British Foreign Secretary William Hague condemned the attack "in the strongest terms" and said Turkey and the U.S. will get the U.K.'s full support as they seek to hold those responsible to account.
NATO Secretary-General Anders Fogh Rasmusen added his condemnation, calling it "an outrageous attack" that "shows a reckless disregard for human life and for the inviolability of diplomatic staff."
Israeli Prime Minister Benjamin Netanyahu sent a message to President Barack Obama, saying he was "shocked and saddened to learn of the vicious terrorist attack."
Ed Royce, the chairman of the U.S. House Foreign Affairs Committee, said the attack was "another stark reminder of the constant terrorist threat against U.S. facilities, personnel and interests abroad."
"Coming after Benghazi, it underscores the need for a comprehensive review of security at our diplomatic posts. The committee stands ready to assist the State Department in protecting our diplomats," he said in a statement.
Turkey's parliament speaker, Cemil Cicek, linked Friday's attack to the arrest last month of nine Turkish human rights lawyers, who prosecutors have accused of links to the DHKP-C.
"There was an operation against this organization," Cicek said and suggested the attack could be an attempt by the group to "say 'We are still here, we are alive.'"
James F. Jeffrey, a visiting fellow at the Washington Institute for Near East Policy who was U.S. ambassador in Turkey between 2008 and 2010, said DHKP-C was a resilient group that had been "relatively quiescent" in recent years. He said the organization was born out of the 1970s European tradition of pro-communist terrorism, and he drew a parallel with Germany's now-defunct Baader-Meinhof gang.
"I do not see them as a major threat compared to al-Qaida," Jeffrey said of DHKP-C in a conference call with journalists. The group, he said, typically attacks with small arms and conducts periodic assaults "just to make sure people know they're still out there."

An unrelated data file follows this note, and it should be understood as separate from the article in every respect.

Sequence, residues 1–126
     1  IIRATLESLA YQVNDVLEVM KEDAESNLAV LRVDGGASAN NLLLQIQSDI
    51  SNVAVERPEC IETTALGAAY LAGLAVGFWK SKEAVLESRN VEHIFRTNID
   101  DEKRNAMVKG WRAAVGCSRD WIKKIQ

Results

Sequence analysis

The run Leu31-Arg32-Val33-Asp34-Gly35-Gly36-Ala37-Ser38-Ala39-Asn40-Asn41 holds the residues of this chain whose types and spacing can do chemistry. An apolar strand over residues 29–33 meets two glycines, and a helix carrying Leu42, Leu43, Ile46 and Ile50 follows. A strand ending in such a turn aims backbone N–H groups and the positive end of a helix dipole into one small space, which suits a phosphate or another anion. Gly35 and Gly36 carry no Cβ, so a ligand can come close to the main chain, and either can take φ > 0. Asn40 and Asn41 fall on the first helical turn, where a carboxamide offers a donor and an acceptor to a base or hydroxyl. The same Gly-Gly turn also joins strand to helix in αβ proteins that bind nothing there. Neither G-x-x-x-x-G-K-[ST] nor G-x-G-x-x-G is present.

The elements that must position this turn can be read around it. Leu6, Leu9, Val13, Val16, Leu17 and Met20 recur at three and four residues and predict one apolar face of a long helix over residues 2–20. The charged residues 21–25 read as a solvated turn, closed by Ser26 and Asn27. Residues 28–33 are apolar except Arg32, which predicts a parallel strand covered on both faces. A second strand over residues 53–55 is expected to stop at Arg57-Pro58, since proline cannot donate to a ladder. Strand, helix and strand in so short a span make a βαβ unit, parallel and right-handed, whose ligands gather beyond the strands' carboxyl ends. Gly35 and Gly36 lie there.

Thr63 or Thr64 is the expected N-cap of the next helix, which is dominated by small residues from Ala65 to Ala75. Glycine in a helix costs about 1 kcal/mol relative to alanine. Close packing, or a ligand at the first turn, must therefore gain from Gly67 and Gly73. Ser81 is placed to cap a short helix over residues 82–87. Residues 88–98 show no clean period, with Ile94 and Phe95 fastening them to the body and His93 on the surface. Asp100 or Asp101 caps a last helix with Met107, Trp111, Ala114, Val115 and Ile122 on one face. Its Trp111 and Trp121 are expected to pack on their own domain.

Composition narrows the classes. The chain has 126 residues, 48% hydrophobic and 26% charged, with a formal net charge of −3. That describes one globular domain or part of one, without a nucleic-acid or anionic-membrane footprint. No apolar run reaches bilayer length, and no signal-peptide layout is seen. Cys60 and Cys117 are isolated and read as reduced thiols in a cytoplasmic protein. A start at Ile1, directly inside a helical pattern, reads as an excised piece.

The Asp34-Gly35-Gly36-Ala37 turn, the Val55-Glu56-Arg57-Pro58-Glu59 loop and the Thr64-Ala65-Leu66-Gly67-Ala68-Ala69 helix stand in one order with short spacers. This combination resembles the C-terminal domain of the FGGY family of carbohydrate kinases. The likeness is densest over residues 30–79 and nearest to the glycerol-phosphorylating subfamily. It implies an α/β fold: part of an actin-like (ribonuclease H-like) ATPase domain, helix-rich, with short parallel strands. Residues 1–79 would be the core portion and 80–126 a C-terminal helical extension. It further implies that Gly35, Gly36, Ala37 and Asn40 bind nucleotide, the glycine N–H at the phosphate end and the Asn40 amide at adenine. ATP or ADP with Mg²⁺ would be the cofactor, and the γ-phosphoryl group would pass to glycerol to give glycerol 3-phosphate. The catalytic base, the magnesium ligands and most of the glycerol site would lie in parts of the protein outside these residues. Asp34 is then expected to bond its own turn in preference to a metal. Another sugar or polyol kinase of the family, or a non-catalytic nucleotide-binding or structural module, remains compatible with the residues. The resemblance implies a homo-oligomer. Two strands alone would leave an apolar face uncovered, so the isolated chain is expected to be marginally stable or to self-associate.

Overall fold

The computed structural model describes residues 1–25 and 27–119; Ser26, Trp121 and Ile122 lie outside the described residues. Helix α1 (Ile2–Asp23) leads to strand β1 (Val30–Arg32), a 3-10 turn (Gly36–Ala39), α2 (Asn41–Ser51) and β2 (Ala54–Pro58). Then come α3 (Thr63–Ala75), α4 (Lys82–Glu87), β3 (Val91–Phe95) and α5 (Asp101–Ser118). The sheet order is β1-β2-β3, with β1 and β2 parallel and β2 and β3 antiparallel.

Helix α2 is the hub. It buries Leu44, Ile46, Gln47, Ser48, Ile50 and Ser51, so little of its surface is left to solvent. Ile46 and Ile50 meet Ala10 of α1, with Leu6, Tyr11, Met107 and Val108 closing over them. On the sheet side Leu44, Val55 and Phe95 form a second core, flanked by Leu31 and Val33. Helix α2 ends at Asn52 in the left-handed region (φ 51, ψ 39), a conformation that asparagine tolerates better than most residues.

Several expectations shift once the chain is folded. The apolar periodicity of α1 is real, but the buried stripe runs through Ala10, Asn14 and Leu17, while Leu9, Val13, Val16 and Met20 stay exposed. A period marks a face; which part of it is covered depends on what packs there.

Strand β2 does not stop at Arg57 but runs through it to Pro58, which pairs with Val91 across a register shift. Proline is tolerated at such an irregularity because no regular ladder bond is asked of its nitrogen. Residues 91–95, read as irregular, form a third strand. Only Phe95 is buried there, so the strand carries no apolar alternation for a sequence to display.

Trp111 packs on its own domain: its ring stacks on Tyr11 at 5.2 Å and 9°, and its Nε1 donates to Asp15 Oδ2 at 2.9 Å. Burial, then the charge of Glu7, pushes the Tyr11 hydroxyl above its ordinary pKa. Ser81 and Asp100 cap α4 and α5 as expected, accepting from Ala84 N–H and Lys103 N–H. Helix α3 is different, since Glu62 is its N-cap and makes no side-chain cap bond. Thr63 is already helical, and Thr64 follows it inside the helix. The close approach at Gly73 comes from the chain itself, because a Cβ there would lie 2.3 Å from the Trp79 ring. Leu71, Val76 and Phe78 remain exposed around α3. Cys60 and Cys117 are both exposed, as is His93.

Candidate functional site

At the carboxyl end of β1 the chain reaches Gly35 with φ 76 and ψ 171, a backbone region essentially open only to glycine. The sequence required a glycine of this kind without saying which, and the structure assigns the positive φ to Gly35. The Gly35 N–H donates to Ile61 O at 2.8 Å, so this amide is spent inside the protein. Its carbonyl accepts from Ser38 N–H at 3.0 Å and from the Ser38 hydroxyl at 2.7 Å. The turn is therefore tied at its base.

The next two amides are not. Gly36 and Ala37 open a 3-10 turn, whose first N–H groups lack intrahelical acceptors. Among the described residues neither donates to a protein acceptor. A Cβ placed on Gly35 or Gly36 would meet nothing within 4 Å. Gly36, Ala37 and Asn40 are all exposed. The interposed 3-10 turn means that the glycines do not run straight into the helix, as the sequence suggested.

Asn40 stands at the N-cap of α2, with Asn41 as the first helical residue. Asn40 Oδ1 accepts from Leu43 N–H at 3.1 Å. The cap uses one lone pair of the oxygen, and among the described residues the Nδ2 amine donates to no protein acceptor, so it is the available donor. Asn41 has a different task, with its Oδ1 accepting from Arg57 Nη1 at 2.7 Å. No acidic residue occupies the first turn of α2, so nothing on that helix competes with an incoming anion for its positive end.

He said it seemed to have "very deep roots" and means of recruitment in several urban centers, including Istanbul, Ankara and possibly the coastal city of Izmir. Jeffrey said it was unlikely the attack was a response to recent regional developments — including, for example, Israel's strike this week on a Syrian target — but did not rule out that DHKP-C conducted the bombing as a kind of subcontractor for another group.
He also said the embassy's strong defenses worked as they were supposed to, with the "minimum number of casualties" for such a grave attack.
"It's a very hard perimeter to crack, as we saw today," Jeffrey said.
In past years, the DHKP-C group has spearheaded hunger strikes against Turkish prison conditions that led to the deaths of dozens of inmates. The protesters opposed a maximum-security system in which prisoners were held in small cells instead of large wards.
In September, police said a leftist militant threw a grenade and then blew himself up outside a police station in Istanbul, killing a police officer and injuring seven others. Police identified the bomber as a member of the DHKP-C.
In 2008, Turkish police said they had foiled a bomb plot by DHKP-C against some U.S. companies in Turkey.
Turkey has also seen attacks linked to homegrown Islamic militants tied to al-Qaida. In a 2003 attack on the British consulate in Istanbul, a suspected Islamic militant rammed an explosive-laden pickup truck into the main gate, killing 58 people, including the British consul-general.
Associated Press writers Ezgi Akin in Ankara, Turkey, Christopher Torchia in Istanbul, Nedra Pickler and Bradley Klapper in Washington, Raf Casert in Brussels, and Cassandra Vinograd in London contributed to this report.